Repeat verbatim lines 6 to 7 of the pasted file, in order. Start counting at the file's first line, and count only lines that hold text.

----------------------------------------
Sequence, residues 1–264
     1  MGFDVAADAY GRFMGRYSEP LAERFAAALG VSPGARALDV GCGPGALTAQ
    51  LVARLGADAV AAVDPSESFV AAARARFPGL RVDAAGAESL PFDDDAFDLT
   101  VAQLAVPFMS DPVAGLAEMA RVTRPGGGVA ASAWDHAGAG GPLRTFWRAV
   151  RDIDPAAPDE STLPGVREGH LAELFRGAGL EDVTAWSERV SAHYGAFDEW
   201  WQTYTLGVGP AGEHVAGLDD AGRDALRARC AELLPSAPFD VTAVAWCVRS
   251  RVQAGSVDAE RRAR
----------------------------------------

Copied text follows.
   201  WQTYTLGVGP AGEHVAGLDD AGRDALRARC AELLPSAPFD VTAVAWCVRS
   251  RVQAGSVDAE RRAR